I think the idea is when you build high-speed rail, it will force the cities to build either light rail or other good connections at the HSR terminal so that a good travel experience can be attained. Not to mention it will encourage light-rail connections and dense development similar to what light-rail itself encourages. So yes, maybe if you live in Katy, you are still going to drive to San Antonio, but if you live in Midtown and can hop downtown to a train going 120 mph maybe that will be your best bet.

    The fact that you hire a driver in Europe and can’t stand inner-city transportation is curious to me. Madrid, Paris, London, etc. have some of the best systems in the world – are you referring to cities like that? You really don’t need a car most of the time in most places in these cities – and you don’t necessarily have to deal with too many bus transfers either since these systems have pretty outstanding rail components. Other European cities, I would agree – have kind of crappy transit options – for instance Rome is not so great.

  • I am a homeowner downtown between Capitol and Rusk on Main (the location of the future Main Street Transfer Station) with rail in front of my home and in the future on both side streets. I am excited about the change. Yes, it is difficult and my little sports car is a little pounded from the broken streets but in the long run it will be a positive transformation.

  • Mike:
    I can only assume you’ve never actually had the misfortune of riding in a London tube or Paris Metro during rush hour. This is not a pleasant experience. (Can’t speak to Madrid.)
    Public transportation thrives in these cities not due to an excess of environmental consciousness on the part of riders. It succeeds because having/driving/parking a car is prohibitively expensive/inconvenient/time-consuming. I’ve never known a Londoner to take a tube or bus when a taxi is an option (and someone else is paying).
    Light rail to certain destinations to downtown makes sense along similar lines, but virtually every Houstonian WILL STILL OWN A CAR, even if they take the train to work every day. Life in the city demands it. Mostly people like light rail in the hopes that OTHER PEOPLE will use it, and leave the roads less congested for the rest of us.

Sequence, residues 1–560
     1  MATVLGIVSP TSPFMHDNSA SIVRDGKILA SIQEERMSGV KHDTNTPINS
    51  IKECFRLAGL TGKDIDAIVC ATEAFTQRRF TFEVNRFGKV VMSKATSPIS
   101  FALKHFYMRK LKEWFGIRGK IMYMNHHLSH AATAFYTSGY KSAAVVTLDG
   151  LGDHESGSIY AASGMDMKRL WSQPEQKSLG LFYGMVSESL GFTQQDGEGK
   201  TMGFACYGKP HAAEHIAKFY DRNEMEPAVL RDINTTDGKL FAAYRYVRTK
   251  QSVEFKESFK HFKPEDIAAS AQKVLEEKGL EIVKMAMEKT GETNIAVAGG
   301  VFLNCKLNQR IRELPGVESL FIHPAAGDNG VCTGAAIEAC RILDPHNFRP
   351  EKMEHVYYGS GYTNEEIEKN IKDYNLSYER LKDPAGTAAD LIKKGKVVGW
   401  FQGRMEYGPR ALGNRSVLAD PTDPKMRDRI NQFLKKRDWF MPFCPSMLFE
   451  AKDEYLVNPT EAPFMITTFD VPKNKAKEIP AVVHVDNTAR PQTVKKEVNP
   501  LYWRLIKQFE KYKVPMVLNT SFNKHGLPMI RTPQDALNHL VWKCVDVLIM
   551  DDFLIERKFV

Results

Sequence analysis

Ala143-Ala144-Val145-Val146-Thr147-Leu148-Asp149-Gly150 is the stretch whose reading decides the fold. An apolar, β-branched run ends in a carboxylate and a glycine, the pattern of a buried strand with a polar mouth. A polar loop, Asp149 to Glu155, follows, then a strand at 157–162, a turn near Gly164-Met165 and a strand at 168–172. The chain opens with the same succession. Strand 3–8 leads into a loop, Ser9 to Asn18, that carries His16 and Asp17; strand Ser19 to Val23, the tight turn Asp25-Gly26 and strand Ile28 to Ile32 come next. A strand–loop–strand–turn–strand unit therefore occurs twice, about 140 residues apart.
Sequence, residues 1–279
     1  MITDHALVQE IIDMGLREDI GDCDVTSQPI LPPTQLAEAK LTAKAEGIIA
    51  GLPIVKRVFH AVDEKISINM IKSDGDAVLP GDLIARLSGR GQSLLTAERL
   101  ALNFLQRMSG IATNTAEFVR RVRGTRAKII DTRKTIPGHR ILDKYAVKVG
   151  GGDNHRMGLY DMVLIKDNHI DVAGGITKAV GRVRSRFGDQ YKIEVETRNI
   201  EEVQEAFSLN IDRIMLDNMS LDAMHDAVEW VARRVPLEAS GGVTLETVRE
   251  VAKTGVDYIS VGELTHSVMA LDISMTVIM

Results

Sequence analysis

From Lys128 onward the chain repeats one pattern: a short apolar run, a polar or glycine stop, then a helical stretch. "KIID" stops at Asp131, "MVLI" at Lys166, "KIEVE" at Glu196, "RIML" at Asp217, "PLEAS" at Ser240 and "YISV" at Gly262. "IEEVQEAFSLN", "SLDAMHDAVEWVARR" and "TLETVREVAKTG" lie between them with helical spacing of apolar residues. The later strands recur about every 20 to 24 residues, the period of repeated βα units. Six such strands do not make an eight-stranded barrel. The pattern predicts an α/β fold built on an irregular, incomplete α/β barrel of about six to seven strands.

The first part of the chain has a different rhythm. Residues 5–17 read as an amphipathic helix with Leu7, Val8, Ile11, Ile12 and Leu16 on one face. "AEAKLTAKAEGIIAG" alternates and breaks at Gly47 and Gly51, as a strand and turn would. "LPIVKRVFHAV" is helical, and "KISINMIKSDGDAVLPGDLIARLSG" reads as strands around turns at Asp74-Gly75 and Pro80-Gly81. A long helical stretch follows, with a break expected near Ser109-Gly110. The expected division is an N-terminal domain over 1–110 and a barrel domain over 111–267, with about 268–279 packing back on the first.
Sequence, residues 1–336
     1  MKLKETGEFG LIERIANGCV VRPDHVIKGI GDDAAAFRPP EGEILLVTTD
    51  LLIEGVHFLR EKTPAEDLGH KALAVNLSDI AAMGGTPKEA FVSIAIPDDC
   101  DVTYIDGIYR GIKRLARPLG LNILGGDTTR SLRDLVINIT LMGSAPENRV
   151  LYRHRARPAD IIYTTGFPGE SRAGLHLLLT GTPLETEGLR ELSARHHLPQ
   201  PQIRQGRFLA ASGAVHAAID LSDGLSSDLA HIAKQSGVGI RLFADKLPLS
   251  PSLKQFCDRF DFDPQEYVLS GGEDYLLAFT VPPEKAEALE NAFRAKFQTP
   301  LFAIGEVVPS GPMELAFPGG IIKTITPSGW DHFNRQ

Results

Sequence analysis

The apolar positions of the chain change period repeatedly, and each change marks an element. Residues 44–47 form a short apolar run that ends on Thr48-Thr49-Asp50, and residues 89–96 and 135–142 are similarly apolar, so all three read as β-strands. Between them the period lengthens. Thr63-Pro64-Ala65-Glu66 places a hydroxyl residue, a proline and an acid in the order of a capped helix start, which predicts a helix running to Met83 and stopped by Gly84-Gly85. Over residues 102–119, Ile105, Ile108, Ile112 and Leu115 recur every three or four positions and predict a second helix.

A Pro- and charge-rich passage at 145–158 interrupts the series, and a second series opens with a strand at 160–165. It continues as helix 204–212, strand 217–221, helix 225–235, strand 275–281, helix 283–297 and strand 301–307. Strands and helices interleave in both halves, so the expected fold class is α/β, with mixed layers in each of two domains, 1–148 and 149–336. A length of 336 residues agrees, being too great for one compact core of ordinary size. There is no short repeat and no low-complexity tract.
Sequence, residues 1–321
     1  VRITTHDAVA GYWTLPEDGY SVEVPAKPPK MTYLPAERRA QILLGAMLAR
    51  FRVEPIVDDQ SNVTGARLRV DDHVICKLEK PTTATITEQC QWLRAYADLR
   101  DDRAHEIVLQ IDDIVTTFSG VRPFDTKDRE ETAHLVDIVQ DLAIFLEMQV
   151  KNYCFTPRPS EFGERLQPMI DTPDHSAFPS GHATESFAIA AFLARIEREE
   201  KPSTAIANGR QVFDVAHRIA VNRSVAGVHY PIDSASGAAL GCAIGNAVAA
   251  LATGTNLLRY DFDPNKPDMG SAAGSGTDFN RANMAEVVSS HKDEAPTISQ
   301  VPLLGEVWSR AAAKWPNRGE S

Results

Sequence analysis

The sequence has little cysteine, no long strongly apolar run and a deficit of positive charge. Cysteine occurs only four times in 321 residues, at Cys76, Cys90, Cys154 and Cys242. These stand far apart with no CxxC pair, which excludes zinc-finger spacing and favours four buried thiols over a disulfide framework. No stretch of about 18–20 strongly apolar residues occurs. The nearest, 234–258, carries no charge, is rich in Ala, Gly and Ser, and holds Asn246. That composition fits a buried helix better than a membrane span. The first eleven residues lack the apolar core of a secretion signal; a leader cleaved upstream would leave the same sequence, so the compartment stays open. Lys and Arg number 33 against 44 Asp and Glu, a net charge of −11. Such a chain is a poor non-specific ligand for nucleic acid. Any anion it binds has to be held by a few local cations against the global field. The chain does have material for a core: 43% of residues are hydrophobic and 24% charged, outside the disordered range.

• Angostura,

    Sure I rode rail during rush hour in Madrid, Paris, London, NYC, and other cities. Yes I would not necessarily call it pleasant, but neither is sitting on 610 for 30 minutes going 5 mph past the Galleria, or worse.

    You say ” I’ve never known a Londoner to take a tube or bus when a taxi is an option (and someone else is paying).” Sure – that makes sense, but that’s a ridiculous presumption – maybe that makes sense for business travelers but so what. What about when they are offered a free Ferrari by one of the Rich Kids of Instagram – do they asccept that as well? I would imagine so.

    Your assertion that most people in Houston will still own a car once light rail system is built out is also true, but even if we are getting people to use cars slightly less, or allowing a family to get by on 1 car instead of 2, or 2 cars instead of 3, etc…, then I think it is a worthwhile pursuit. You also have to look at where the system is built out – obviously this is going to not really help someone living in Kingwood. But someone living downtown or going to school at UH may benefit from having more transit options.

    If you had commuter rail from Sugar Land to the Medical Center and into downtown, for instance, I think you’d get a pretty good percentage of those commuters to switch to take the train.

  • Everything takes so long in this city to build. I moved here 7 years ago and Kirby was under construction and just finished this year. It’s not like we don’t have cheap labor here. In Dubai they built a the worlds tallest building in 4 years, implemented a metro Rail (above ground) in the same time frame. Dubai’s cheap labor just came from a different country, then our cheap labor.

    Why isn’t the light rail in houston above ground? If it were, then traffic lanes wouldn’t have to be taken, and the train would be faster since it wouldn’t have to stop at intersections. This of course is only feasible on big roads like, westheimer, holcomb, kirby, allen parkway. In neighborhoods there could be connecting street cars (or our current light rail)